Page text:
Wednesday, May 16, 2007


Steve Carlson reviews movies like Steven Seagal dispatches henchmen. That is: with alarming frequency and noted consistency. At The Ongoing Cinematic Education of Steve Carlson, the title author has been firing out reviews in short, clever and effective bursts since 2002. While some of us in the movie blog-o-sphere waste our time with idiotic lists and ramblings, Steve sticks to the goods (reviews), and the man delivers. With a review index roughly ten feet high, Steve has spanned the gamut, from The House With Laughing Windows to House of the Dead, and Laugh, Clown Laugh to Killer Klowns From Outer Space. Steve is also nice enough to solicit opinions on what he should review, but please don't torment the man by telling him to review The Jar -- or if you do, at least have the courtesy to tell him you're only half serious.

TALKING IN YOUR SLEEP: 'I fell asleep during a classroom screening of Solaris, and I'd wager I might have been snoring a bit. Otherwise, not in any way I can think of. I did embarass someone else because of my inability to stop vocally mocking Underworld during a screening on its opening weekend -- does that count?'

SO MUCH TO LOVE: 'John Goodman bellowing, "I WILL SHOW YOU THE LIFE OF THE MIND!" in Barton Fink, Adam Sandler freaking out at the phone booth in Punch-Drunk Love, William H. Macy finally solving his problems with his wife in Boogie Nights, the big reveal in Fight Club, Dennis Hopper telling Kyle MacLachlan, "You're just like me," in Blue Velvet, the closing credits of Night of the Living Dead, the kid getting the hypo in the heart in In a Glass Cage, the freeze-frame at the end of if...., the last shot of Rejected, the eyeball and the razor blade in Un Chien Andalou, "Freebird" in The Devil's Rejects... the list never ends, man.'

TALK LIKE A STEVE CARLSON TODAY!: 'I use, "Well, they can't all be winners, kid, now can they?" from Bad Santa like it was tattooed on my tongue. I'm also quite fond of "Are you ready for the fun part? 'Cause here comes the fun part," from Super Troopers. Nothing profound, alas, but they get me through the day...'

TIS THE SEASON TO BE ...: 'Other than my habit of watching anti-romantic films on Valentine's Day (i.e. Multiple Maniacs, Blue Velvet, etc.), not really. I do try to watch something -- anything -- on Christmas in a theater, just because. Wasn't able to do it this year, alas...'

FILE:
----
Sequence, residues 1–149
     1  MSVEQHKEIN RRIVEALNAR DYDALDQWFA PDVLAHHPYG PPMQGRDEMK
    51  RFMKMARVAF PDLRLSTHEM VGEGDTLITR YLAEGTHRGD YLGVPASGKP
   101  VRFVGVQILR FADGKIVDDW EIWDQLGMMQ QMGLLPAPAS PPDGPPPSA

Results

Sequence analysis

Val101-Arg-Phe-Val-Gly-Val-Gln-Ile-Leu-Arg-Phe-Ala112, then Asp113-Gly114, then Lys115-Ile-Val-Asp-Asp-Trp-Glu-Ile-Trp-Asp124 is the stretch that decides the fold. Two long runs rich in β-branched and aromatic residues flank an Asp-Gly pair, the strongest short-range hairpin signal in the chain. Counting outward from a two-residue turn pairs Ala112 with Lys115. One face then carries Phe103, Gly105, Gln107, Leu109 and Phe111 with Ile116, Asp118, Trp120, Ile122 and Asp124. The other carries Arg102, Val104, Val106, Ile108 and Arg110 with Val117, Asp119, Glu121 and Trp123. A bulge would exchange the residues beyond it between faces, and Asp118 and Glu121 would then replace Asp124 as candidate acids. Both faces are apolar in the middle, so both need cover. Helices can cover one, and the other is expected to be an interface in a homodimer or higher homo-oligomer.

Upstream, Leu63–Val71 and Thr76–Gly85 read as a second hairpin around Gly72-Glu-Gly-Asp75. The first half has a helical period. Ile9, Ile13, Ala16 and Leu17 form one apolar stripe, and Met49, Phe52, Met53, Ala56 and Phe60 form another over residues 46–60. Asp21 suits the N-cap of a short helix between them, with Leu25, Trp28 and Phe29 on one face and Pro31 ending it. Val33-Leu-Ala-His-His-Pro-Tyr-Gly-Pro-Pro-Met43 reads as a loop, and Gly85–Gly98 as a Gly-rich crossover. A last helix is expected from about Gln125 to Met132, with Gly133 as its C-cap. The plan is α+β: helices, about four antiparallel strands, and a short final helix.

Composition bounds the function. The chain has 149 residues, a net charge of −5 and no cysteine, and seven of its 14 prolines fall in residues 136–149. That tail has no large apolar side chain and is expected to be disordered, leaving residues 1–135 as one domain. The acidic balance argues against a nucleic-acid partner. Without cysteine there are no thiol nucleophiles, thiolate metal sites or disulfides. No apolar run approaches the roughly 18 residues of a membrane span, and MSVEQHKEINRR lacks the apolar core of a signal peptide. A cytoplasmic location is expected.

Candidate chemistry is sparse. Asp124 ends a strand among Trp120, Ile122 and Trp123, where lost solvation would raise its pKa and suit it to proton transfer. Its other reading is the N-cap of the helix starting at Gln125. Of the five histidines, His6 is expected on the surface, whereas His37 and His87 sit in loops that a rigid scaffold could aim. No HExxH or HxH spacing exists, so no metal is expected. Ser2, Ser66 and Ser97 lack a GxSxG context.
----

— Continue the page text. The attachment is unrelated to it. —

NOW PLAYING AT CINEMA CARLSONO: 'I'd do a whole month of Midnight Kink -- midnight showings of movies with oddball sexuality. I'd try not to leave anything out, either. From S&M (Maitresse and Sick) to transvestiteism (Glen or Glenda?) to transexualism (Let Me Die a Woman) all the way to necrophilia (Nekromantik) and bestiality (The Wedding Trough), plus a few catch-alls (Visitor Q, The Telephone Book, a '70s porno roughie or two)... I'd try and represent all I could. Just seeing the crowds that showed up would be entertaining enough.'

HEY MAN, THAT'S WEIRD: 'As a devotee of Something Weird, Shock Cinema and '70s cult madness, I've seen more than my share of bizarre, incompetent junk. I'm particularly fond of Herschell Gordon Lewis's crazed The Wizard of Gore, Jackie Kong's hysterical Blood Diner, the crass and goofy Mexi-madness Night of the Bloody Apes and the mind-melting Nude for Satan.'

DAMN IT ALL: 'Used to be one [movie] a day, if not more. Lately, though, work and other commitments have cut me down to about five a week. Not so bad, I suppose.'

PLEASE STAY: 'I almost never walk out on films. It's not that I don't believe in it -- it's just if I waste my money, I'm at least going to tough out the whole thing. This fortitude has only been sorely tested twice that I can recall right now -- I left the Sri Lankan feature Mansion by the Lake near its end because it was awful and my companions couldn't take any more, and I breezed out of Scary Movie 2 for about fifteen minutes because I desperately needed to keep my head from collapsing in on itself. Giving up on a film when it's on video, however... that's another matter.'

SICKO: 'My favorite year in recent memory was 1999 -- not just because there were more memorable films than any other year I've been alive, but also because it was the first year I was really able to cruise the New York City arthouse and indie-film scene. I moved to the East in mid-'98, and the first film I ever made a specific journey to see was Affliction in December of that year. 1999 was when I realized that I could make those journeys all the bloody time if I so wished. As a result, my obsessions mushroomed. It's a sickness from which I have yet to recover. If all goes well, I never will!'

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Steve C. said...

Hee hee... I actually OWN The Jar! Thanks for letting me participate, man.

Adam Ross said...

I'm sure you've reviewed worse, but that was the most painful movie I could think of at the time. I love how we never actually "see" the jar, because it would have been too expensive of a prop to make.

Malcom said...

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